Tests are available to measure the levels of PCBs in the blood and breast milk. Because PCBs are common in the environment, most people will show some level. The problem, though, is that there are no reference values that define a “normal” level of exposure to PCBs. Thus, your physician will not be able to tell you the meaning of a PCB level in your blood or breast milk beyond the fact that it is present. A test that shows PCBs in your blood will not explain how long the exposure lasted or if there will be health effects from the exposure.
In other words, based on our current state of knowledge, we don’t know that reducing PCBs in the body will produce beneficial health effects, so there is no known value in reducing their level. Nor does testing predict treatment. If that is the case, what’s the point of studying whether saunas are associated with reduced level of PCBs?
If saunas don’t work, it’s not for lack of trying. Allen described his protocol thusly in one newspaper article on the study:
What I’m proposing is a little more aggressive protocol, it’s like spring cleaning . . .
Boy, he wasn’t kidding either. In the pilot feasibility study, “low dose” participants got 1 hour of sauna a day, 3 days a week, for 3 weeks, or 9 sessions. The “high dose” participants got a whopping 30 hours of sauna over the 3-week period, coming in for 2 hours of sauna 5 days a week. (From the description provided, it is not clear to me how many hours of sauna participants in the Phase I trial endured, only that their visits to the Bastyr clinic lasted 3.5 hours.)
And the results are?
We don’t know. No results are posted for the pilot study. The Phase I trial, which was to have been completed in April, 2014, was terminated for reasons that are not explained. I can find no published results on PubMed and no study results on the Bastyr or the NCCIH website. Bastyr, contrary to clinicaltrials.gov, says the study is “completed;” NCCIH doesn’t mention the study at all. In fact, the NCCIH’s page on “‘Detoxes’ and ‘Cleanses'” doesn’t even mention sauna detoxification.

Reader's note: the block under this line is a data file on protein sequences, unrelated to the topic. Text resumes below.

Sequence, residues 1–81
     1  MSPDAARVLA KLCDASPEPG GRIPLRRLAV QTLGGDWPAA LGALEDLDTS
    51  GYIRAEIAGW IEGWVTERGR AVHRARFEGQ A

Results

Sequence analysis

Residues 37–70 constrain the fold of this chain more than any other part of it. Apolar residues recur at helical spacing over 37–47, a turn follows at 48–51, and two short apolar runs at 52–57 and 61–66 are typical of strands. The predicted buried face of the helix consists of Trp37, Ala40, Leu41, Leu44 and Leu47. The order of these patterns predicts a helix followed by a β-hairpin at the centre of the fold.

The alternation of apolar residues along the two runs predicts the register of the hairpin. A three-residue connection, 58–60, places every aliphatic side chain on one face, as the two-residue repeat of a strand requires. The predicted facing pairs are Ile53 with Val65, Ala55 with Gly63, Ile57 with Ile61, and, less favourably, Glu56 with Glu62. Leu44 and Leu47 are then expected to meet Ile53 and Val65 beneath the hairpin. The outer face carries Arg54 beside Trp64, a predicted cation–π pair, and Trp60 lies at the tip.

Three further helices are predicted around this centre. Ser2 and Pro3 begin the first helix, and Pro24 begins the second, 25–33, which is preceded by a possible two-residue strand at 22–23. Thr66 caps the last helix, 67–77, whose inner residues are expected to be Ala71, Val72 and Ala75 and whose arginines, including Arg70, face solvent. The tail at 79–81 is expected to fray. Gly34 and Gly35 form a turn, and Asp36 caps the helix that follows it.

So, history repeats itself and the NCCIH has apparently blown almost three-quarters of a million dollars on a questionable study of “detoxification” conducted at an institution that teaches its students rank quackery like homeopathy, promotes anti-vaccination ideology, and misrepresents naturopathy education and training to the public. To add insult to injury, Bastyr uses this NCCIH funding in PR to promote itself, giving it undeserved legitimacy and the false appearance of scientific rigor. Yet, it will continue to teach “detoxification” to its naturopathic students despite its admitted lack of evidence of safety and effectiveness and practicing naturopaths will continue to “detox” their patients, all to the benefit of their bottom lines.
And one more thing
While we are on the subject of naturopaths and NCCIH, it is interesting to note that the NCCIH website has completely sanitized its description of naturopathy, a development I wrote about last year on SfSBM and worth repeating here. NCCAM’s description of naturopathy used to be refreshingly frank, with statements like:
Although some of the individual therapies used in naturopathy have been studied for efficacy and safety, naturopathy as a general approach to health care has not been widely researched.